October 7th, 2010
By: Jonathan Benson
The best way to fight breast cancer is to prevent it from ever occurring in the first place, and you can help do that by supplementing with a high quality fish oil, suggests a new study published in the journal Cancer Epidemiology, Biomarkers & Prevention. According to researchers from the Fred Hutchison Cancer Research Center in Seattle, Wash., current use of fish oil among the population is associated with a 32 percent decreased risk of developing breast cancer.
Theodore Brasky and his team surveyed 35,000 women between the ages of 50 and 76 on their dietary habits, and evaluated the results based on fish oil consumption patterns. Based on a ten-year average of fish oil intake, the team found that women who consume fish oil are at a significantly reduced risk of developing breast cancer than women who do not.
Fish oil is rich in omega-3 fatty acids like eicosapentaenoic acid (EPA) and docosahexaenoic acid (DHA) which previous studies have already found work to prevent cancer. These nutrients also help to balance out the negative effects of too much omega-6 intake, which research is showing leads to serious disease. You can learn more about fish oil by visiting the NaturalNews fish oil page.
Preventive medicine is the best medicine, but such medicine comes in the form of quality food and nutritional supplements. While health authorities and cancer groups push women to get mammograms and take preventive breast cancer drugs as a supposed solution, nutrition experts and those aware of the healing power of superfoods advise that women simply eat well and avoid processed food, get plenty of sunshine and vitamin D, and take an omega-3 supplement like high-quality fish oil, among other things.
When choosing a fish oil, it is best to find one that has undergone as little processing as possible, and one that has been tested to be free of harmful contaminants. And if you prefer not to consume animal products, some vegetarians alternatives to fish oil include flax and hemp oils.
April 29, 2010
No one wants cancer served up with their steak or hamburger. But that’s just what you may be getting. As NaturalNews has previously reported, numerous studies have linked meat consumption with cancer. Now comes evidence from scientists at the University of Texas M. D. Anderson Cancer Center that eating meat frequently, especially meat that is well done or cooked at high temperatures, significantly raises the risk of developing bladder cancer.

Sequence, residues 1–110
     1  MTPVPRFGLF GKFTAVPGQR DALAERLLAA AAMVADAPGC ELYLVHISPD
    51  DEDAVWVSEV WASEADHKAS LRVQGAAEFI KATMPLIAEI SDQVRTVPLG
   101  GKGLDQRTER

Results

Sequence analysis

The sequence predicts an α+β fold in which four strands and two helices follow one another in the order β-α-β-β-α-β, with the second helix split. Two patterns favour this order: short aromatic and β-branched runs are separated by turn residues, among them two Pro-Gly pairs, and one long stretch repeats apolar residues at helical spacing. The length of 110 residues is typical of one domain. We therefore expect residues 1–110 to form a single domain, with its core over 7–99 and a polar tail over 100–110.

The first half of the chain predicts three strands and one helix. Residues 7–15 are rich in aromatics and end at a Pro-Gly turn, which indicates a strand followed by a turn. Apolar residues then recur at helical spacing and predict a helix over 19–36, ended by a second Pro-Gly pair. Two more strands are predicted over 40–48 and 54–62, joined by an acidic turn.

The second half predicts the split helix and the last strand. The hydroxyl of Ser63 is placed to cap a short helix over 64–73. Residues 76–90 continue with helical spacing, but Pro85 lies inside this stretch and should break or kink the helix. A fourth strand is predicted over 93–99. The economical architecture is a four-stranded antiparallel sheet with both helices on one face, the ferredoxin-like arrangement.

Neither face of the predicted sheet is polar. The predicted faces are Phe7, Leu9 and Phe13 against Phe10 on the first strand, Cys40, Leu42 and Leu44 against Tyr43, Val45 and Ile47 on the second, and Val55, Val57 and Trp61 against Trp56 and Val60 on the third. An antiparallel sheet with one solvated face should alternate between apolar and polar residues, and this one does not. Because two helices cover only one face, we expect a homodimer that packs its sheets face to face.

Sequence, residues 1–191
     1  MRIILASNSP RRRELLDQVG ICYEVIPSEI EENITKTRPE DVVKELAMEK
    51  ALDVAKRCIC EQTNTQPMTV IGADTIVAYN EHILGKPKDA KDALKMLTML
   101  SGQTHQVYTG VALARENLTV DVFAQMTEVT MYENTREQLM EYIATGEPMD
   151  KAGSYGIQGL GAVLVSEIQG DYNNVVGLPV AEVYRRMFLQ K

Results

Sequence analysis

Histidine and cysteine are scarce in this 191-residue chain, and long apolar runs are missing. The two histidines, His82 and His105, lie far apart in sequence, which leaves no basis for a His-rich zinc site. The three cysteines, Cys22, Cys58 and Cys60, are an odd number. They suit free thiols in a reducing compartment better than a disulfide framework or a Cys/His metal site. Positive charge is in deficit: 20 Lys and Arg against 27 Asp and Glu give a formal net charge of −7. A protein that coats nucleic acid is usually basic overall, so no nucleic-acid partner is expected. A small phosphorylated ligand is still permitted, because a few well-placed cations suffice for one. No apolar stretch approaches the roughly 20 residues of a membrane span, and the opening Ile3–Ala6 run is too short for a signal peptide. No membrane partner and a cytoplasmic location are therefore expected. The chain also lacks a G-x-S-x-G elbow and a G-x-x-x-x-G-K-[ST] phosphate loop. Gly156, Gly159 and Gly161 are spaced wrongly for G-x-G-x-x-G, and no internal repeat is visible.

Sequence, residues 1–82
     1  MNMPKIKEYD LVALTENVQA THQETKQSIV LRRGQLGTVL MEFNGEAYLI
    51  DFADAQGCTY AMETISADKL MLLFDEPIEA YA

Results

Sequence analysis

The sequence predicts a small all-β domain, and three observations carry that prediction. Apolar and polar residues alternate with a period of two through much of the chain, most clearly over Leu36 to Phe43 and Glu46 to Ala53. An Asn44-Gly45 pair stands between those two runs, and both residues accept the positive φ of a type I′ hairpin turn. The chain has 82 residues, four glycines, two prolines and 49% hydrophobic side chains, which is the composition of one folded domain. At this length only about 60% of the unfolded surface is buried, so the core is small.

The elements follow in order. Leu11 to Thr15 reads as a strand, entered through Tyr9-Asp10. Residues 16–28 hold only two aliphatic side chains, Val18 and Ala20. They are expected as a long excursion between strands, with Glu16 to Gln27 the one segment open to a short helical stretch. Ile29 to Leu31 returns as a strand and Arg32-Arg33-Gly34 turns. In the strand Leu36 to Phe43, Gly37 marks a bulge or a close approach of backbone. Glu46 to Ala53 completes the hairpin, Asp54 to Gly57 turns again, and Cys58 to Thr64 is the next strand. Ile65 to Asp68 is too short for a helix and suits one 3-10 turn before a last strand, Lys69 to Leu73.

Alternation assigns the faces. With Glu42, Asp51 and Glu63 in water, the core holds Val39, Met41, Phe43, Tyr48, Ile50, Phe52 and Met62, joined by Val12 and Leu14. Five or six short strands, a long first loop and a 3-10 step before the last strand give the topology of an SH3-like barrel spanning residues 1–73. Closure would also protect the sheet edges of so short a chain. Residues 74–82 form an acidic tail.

These research cancer findings, recently announced at the American Association for Cancer Research’s 101st Annual Meeting held in Washington, D.C., indicate that heterocyclic amines (HCAs), substances formed when meat (including beef, pork, poultry and fish) is cooked at high temperatures, may be what links meat to malignancies. Earlier research found strong evidence that 17 types of HCAs contribute to cancer.
“It’s well known that meat cooked at high temperatures generates HCAs that can cause cancer,” study presenter Jie Lin, Ph.D., assistant professor in M. D. Anderson’s Department of Epidemiology, said in a statement to the media. “We wanted to find out if meat consumption increases the risk of developing bladder cancer and how genetic differences may play a part.”
The M.D. Anderson researchers studied 884 patients with bladder cancer and 878 people who were cancer-free. The research subjects were matched by age, gender and ethnicity and followed for about 12 years. Using a standardized questionnaire designed by the National Cancer Institute (NCI), the scientists documented each participant’s dietary habits. Those who ate the most red meat had about one and a half times the risk of developing bladder cancer than the research subjects who ate little or no red meat.
Beef steaks, pork chops and bacon raised bladder cancer risk the most. People who consumed a lot of well-done meat were at about twice the risk to develop bladder cancer as those who preferred rare meat. Even chicken and fish significantly upped the chances of getting cancer — but only if they were fried. The M.D. Anderson researchers also found that people with the highest estimated intake of three specific types of HCAs were more than two and a half times more likely to develop bladder cancer than those with a low intake of HCAs.
In addition, the researchers analyzed study participants’ DNA to see if there were genetic variations that would make some people particularly more likely to develop cancer if they ate red meat. The results showed that people with seven or more specific genotypes who consumed a diet full of red meat had five times the risk of bladder cancer.
“This research reinforces the relationship between diet and cancer,” lead author Xifeng Wu, M.D., Ph.D., professor in M. D. Anderson’s Department of Epidemiology, said in the media statement. “These results strongly support what we suspected: people, who eat a lot of red meat, particularly well-done red meat, such as fried or barbecued, seem to have a higher likelihood of bladder cancer. This effect is compounded if they carry high unfavorable genotypes in the HCA-metabolism pathway.”